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US Economy Continues to Expand in November

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Written By: Richard Koch – Forex Focus

A peek at the US dollar against the backdrop of key economic indicators.

The economy of the United States continued its growth trajectory heading into the last month of this year. While most of the economic announcements in November revealed robust growth, inflation continued to remain stubbornly below the central bank’s target of 2 percent, mostly reflecting weaker crude-oil prices in international markets.

Following is a summary of the major economic events in the country and the performance of the US dollar:

Beginning with the PMI (Purchasing Managers’ Index) data, the Institute for Supply Management’s monthly PMI for the manufacturing sector fell to a four-month low of 58.2 in October from 58.7 in September. The index registered its second consecutive monthly decline after climbing to a 13-year high of 60.8 in August on the back of a decline in supplier deliveries and new export orders.

Non-manufacturing PMI, meanwhile, moved up to its highest level since August 2005, jumping to 60.1 in October from 59.8 the previous month. Business activity, employment and new export orders saw significant increases as the backlog in orders declined, and inventories scaled up a bit.

Out of the 18 industries that make up the manufacturing sector, 14 reported growth, while two contracted. Among the non-manufacturing industries, 16 reported growth, with two sectors contracting.

The ADP national employment report revealed that the non-farm private sector added 235,000 workers in October, beating market expectations of a 200,000 increase and higher than the downwardly revised figures of 110,000 in September. The employment figures, the highest since March of this year, was led by the service sector, which contributed about 150,000 jobs, while the manufacturing sector added 85,000 employees to its payroll.

The trade deficit in the US widened to $43.5 billion in September from $42.8 billion in August, led by a faster pace in imports, which rose by 1.2 percent, offsetting a 1.1-percent increase in exports. The manufacturing industry led export shipments with a $1.8 billion increase, while exports of services rose $0.3 billion during the month. Likewise, imports of goods surged by $2.4 billion compared to a $0.4 billion rise in services during a similar period.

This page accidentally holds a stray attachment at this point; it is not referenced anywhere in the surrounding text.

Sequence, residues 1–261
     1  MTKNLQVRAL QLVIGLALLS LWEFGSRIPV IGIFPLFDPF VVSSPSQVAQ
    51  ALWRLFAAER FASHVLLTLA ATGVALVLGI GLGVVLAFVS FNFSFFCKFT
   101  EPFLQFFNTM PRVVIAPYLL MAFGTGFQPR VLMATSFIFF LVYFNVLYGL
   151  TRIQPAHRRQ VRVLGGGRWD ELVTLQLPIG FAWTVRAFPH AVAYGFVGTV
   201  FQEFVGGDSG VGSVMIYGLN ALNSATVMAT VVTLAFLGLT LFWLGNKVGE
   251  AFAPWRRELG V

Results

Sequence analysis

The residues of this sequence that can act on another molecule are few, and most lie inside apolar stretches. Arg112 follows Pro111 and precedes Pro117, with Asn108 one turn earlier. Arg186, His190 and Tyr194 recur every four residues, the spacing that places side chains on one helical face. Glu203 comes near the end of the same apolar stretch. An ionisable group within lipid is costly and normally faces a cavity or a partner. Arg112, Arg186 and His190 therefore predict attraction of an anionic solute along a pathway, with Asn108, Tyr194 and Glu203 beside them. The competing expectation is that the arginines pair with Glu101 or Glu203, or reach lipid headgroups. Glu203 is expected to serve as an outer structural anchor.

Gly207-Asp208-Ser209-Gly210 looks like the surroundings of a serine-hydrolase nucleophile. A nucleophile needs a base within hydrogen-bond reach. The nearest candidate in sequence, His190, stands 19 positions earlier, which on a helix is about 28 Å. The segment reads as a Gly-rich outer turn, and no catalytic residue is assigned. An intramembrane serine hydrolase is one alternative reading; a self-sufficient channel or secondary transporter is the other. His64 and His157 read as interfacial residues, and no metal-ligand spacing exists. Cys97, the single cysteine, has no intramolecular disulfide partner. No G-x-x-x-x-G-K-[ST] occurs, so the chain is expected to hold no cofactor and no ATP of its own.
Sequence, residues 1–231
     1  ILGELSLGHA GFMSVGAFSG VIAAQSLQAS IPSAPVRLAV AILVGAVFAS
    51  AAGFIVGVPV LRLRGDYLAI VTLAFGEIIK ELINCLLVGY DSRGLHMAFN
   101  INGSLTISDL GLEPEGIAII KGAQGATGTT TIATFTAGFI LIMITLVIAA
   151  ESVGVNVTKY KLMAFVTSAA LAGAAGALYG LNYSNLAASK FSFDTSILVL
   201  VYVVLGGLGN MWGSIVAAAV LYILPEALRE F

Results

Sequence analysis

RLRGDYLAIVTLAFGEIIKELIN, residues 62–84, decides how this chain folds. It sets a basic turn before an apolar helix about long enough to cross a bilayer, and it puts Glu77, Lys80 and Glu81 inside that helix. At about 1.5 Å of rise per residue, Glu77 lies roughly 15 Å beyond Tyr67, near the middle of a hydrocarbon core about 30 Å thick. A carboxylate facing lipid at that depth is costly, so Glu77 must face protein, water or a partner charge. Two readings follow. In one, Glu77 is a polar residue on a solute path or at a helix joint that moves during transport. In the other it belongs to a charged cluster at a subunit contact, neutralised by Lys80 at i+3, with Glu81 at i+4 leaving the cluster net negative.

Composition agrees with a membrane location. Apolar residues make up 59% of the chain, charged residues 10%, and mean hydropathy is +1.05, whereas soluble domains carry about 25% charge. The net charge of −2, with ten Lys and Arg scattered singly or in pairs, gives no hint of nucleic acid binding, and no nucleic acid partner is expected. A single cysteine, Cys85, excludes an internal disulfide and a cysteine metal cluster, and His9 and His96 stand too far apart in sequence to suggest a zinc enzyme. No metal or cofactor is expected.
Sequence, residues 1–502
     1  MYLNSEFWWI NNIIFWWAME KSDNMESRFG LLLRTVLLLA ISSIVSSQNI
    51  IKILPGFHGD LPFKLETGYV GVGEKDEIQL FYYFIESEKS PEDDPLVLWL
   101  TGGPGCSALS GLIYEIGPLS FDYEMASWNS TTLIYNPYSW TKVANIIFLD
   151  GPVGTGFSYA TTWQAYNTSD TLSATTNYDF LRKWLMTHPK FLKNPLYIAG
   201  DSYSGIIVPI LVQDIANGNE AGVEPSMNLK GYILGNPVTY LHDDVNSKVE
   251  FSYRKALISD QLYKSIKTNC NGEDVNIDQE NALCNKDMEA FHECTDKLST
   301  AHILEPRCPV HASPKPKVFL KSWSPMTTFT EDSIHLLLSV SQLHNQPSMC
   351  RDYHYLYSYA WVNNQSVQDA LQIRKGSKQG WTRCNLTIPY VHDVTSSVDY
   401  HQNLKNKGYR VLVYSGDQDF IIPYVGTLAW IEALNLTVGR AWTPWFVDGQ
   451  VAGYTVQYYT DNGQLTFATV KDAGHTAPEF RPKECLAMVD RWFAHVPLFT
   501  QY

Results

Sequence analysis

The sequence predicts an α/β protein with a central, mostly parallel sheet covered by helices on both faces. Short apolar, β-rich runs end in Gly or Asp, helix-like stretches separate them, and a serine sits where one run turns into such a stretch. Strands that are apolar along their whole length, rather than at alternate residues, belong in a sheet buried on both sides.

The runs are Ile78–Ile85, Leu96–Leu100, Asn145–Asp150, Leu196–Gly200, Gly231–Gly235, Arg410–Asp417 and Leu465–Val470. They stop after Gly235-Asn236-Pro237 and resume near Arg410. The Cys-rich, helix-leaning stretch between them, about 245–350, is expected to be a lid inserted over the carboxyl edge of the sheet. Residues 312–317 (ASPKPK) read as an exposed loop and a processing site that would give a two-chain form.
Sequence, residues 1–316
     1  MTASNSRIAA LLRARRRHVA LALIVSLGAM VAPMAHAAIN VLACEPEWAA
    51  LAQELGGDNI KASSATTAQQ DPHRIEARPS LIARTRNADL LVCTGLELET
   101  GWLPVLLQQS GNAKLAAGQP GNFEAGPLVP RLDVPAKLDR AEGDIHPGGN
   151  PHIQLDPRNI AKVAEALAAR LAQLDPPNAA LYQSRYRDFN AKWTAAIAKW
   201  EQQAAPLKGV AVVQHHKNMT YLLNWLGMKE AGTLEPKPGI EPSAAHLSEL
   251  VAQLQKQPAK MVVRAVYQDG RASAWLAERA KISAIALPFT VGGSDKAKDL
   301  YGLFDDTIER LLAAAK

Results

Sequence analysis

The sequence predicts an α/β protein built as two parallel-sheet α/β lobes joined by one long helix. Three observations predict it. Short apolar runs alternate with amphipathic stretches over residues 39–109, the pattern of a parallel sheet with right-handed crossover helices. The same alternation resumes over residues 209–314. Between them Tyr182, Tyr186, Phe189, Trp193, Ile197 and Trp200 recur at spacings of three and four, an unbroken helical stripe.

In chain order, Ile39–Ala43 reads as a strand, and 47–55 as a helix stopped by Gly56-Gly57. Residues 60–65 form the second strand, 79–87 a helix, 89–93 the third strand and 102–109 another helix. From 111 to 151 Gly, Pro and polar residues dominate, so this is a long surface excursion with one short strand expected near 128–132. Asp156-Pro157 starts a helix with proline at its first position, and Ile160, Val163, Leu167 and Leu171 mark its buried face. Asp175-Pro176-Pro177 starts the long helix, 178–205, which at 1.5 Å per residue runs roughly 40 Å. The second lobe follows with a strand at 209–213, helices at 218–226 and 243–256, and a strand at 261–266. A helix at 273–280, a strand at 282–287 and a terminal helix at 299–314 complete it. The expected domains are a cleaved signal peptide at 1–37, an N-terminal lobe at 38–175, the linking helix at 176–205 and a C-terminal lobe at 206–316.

Non-farm payrolls increased by 261,000 in October, a sharp rise from the upwardly revised 18,000 of the previous month and the highest since July 2016. Employment in food and recreational services rebounded after declining in September, largely due to the impact of hurricanes Irma and Harvey. The number of persons finding employment in government jobs rose by 9,000, while private-sector payrolls increased by 252,000.

Factory orders, or new orders for manufactured goods, rose 1.4 percent in September, a three-month high following 1.2-percent growth in August. The gains were led by transportation, which surged 4.7 percent on the back of a more than 30-percent increase in civilian aircraft orders and a 33.2-percent increase in marine transport including boats and ships. Orders for durable goods rose 2 percent, while non-durables were up 0.8 percent. Excluding transportation, factory orders were up 0.7 percent from 0.6 percent the previous month. 

Consumer credit spiked by $20.83 billion in September following a downwardly revised $13.1 billion figure in August. The credit numbers are the highest since November last year, with non-revolving credit rising by $14.4 billion and revolving credit by $6.3 billion.

Wholesale inventories slipped 0.4 percent month-on-month in October after rising for five successive months. The decline was led by a 1.4-percent fall in inventories of non-durable goods, which more than compensated for the 0.2-percent rise in inventories of durables.

Producer prices in October remained flat at 0.4 percent month-on-month on the back of a 2.1-percent increase in pharmaceutical preparations. While the cost of services rose by 0.5 percent compared to a 0.4-percent increase in September, the cost of goods dropped from 0.7 to 0.3 percent. For the year, the index was up 2.8 percent from 2.6 percent in September, the highest since February 2012. The core index, which excludes food and energy prices, remained unchanged at 0.4 percent for the month, with a modest increase in the year-on-year figures, up from 2.2 to 2.4 percent.